Dr. James Caverlee featured speaker at ACM SIGIR 2014 Workshop

Image of James CaverleeAssociate Professor James Caverlee was a keynote speaker at the 37th International ACM Conference on Research and Development in Information Retrieval (SIGIR 2014) held in Gold Coast, Queensland, Australia, from July 6 - 11. Caverlee along with Microsoft Distinguished Scientist Susan Dumais and Miles Efron, Associate Professor at the University of Illinois, addressed the challenge of spatial and temporal information access on July 11 during the "SIGIR 2014 Workshop on Temporal, Social and Spatially-aware Information Access."

With the widespread adoption of GPS-enabled tagging of social media content via smartphones and social media services (e.g., Facebook, Twitter, Foursquare), Caverlee's talk emphasized the new opportunities for mining, modeling, and leveraging the publicly-revealed spatio-temporal activities of millions of people. These "geo-social footprints" open new possibilities for understanding how ideas flow across the globe, how people can organize for societal impact, and lay the foundation for new crowd-powered geo-social systems.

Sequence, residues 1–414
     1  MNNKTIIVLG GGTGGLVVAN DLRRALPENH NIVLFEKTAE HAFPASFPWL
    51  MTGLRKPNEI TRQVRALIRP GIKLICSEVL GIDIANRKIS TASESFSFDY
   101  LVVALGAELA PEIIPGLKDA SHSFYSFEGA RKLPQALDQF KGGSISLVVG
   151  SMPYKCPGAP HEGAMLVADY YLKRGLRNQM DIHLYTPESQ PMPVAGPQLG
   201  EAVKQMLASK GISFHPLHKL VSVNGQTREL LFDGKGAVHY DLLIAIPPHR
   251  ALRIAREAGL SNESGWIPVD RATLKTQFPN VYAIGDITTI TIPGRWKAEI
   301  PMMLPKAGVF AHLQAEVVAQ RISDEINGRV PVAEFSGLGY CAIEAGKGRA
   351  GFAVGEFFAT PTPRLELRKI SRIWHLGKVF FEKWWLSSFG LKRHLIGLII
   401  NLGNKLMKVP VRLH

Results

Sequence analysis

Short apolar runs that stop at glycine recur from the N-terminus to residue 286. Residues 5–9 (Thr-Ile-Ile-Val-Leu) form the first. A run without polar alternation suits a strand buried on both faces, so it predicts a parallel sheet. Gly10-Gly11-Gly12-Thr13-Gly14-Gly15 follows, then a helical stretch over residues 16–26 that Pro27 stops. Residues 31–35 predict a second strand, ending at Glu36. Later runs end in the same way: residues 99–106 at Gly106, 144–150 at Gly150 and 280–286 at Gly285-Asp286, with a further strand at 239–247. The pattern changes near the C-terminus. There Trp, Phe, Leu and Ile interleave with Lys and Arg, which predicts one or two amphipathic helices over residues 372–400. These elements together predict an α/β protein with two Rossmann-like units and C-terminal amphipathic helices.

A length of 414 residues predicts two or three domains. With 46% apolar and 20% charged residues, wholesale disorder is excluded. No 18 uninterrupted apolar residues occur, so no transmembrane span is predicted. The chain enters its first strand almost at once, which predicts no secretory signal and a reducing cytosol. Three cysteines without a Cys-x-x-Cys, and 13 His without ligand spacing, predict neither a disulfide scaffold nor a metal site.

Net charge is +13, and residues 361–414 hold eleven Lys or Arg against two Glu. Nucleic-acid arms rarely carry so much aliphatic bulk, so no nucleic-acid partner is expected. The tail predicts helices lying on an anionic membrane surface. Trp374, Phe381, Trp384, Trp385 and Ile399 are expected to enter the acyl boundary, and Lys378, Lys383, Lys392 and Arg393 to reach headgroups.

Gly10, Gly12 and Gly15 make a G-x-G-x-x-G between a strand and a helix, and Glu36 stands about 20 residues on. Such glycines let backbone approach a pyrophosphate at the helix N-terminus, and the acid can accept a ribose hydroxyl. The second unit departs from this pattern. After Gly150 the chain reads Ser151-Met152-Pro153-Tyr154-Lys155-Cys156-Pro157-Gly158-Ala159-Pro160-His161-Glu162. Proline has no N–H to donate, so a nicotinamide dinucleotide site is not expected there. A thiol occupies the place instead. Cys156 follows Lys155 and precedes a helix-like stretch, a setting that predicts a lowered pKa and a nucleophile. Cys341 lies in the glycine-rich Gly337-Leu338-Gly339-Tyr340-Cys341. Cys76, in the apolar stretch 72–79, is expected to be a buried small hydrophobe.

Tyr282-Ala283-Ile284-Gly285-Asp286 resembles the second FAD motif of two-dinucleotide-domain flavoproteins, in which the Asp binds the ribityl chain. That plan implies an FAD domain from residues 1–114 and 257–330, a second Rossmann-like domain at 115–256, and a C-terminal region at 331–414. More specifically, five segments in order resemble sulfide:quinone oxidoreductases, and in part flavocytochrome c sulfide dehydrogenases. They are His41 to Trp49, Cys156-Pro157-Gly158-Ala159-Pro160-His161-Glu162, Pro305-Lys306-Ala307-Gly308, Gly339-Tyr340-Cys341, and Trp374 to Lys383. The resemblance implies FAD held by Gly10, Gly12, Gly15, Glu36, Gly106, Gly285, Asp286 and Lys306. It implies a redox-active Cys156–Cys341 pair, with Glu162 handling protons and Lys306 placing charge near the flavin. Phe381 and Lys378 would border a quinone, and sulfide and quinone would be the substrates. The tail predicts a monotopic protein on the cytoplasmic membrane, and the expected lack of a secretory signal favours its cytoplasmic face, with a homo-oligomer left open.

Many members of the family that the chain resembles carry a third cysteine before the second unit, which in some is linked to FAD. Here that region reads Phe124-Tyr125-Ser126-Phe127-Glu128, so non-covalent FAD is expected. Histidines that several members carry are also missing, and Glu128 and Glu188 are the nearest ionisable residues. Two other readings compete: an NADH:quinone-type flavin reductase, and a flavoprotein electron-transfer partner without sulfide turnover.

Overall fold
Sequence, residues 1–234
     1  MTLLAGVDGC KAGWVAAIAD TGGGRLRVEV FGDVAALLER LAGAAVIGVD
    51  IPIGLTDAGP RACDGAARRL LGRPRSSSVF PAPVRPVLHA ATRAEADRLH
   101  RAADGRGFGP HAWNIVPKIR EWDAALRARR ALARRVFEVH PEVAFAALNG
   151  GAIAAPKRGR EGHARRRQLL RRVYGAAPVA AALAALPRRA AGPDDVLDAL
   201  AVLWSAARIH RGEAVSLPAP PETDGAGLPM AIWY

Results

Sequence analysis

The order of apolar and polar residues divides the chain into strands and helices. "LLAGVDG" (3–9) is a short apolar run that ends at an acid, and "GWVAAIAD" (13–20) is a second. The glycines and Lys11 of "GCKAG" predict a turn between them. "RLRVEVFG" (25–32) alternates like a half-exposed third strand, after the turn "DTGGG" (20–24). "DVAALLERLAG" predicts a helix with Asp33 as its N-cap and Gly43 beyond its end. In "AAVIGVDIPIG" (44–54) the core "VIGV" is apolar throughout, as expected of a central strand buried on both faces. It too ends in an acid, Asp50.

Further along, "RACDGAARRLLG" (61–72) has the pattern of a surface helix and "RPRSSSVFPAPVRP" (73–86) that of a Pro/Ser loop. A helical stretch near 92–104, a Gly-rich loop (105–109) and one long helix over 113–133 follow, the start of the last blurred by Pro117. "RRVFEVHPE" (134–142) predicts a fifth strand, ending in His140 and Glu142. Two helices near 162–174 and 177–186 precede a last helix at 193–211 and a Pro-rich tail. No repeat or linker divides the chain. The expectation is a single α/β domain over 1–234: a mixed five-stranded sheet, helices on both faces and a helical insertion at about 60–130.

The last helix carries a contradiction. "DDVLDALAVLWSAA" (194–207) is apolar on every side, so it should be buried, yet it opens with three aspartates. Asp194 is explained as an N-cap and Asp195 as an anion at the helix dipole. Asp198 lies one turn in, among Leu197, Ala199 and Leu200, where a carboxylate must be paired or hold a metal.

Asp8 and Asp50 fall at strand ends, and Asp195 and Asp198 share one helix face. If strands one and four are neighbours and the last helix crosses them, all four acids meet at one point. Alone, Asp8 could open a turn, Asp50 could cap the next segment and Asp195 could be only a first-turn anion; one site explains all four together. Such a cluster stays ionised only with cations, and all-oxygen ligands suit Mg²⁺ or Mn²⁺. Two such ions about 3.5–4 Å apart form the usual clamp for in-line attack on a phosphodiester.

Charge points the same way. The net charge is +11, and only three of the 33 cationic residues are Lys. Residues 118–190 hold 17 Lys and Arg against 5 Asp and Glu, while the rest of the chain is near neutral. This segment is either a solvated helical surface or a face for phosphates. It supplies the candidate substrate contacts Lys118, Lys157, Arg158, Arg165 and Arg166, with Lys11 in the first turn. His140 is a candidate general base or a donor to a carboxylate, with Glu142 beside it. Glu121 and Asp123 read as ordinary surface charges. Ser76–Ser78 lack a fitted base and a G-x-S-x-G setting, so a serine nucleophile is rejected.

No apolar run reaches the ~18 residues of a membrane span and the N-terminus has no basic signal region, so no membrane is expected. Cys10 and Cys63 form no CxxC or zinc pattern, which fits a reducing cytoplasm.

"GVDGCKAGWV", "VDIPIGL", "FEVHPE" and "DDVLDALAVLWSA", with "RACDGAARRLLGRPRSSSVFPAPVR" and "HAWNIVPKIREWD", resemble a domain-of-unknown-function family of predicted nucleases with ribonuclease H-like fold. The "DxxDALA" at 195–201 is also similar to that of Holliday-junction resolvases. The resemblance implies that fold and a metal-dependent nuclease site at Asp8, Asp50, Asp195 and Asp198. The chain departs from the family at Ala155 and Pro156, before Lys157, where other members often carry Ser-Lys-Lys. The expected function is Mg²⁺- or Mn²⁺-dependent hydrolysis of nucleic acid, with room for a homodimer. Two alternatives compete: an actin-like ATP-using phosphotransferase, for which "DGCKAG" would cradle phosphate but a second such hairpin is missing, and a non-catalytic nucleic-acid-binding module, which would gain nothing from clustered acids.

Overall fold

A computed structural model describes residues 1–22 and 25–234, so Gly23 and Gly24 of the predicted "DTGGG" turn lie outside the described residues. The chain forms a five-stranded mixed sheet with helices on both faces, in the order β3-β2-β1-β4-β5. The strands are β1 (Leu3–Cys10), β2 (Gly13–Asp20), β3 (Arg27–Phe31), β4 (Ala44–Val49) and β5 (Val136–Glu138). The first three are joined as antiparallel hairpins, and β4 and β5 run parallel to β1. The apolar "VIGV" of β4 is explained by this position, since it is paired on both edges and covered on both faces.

In his talk, Caverlee highlighted his recent work on leveraging these large-scale geospatial footprints and suggested new future research opportunities for how geo-social findings can inform the design of better systems and algorithms for real-world impact.

Caverlee's research is generally in the areas of web-scale information management, distributed data-intensive systems, and social computing. Most recently, his work has focused on both geo-social systems that leverage large-scale spatio-temporal footprints in social media as well as emerging threats to social media and web systems. Recent projects in his lab have aimed at detecting, analyzing, modeling, and predicting strategic manipulation and adversarial propaganda in social media.

In 2007 Caverlee joined the Department of Computer Science and Engineering at Texas A&M University after receiving his doctoral degree in computer science from the College of Computing at the Georgia Institute of Technology. He holds master degrees in computer science and in engineering-economic systems & operations research from Stanford and a bachelor's degree in economics from Duke.

Among Caverlee's many honors are the 2014 Caterpillar Teaching Excellence Award, the NSF Faculty Early CAREER award in 2012, the 2012 Air Force Office of Scientific Research-Young Investigator Program grant, the 2011 Center for Teaching Excellence Montague-CTE Scholar award, and the 2010 Defense Advanced Research Projects Agency Young Faculty Award.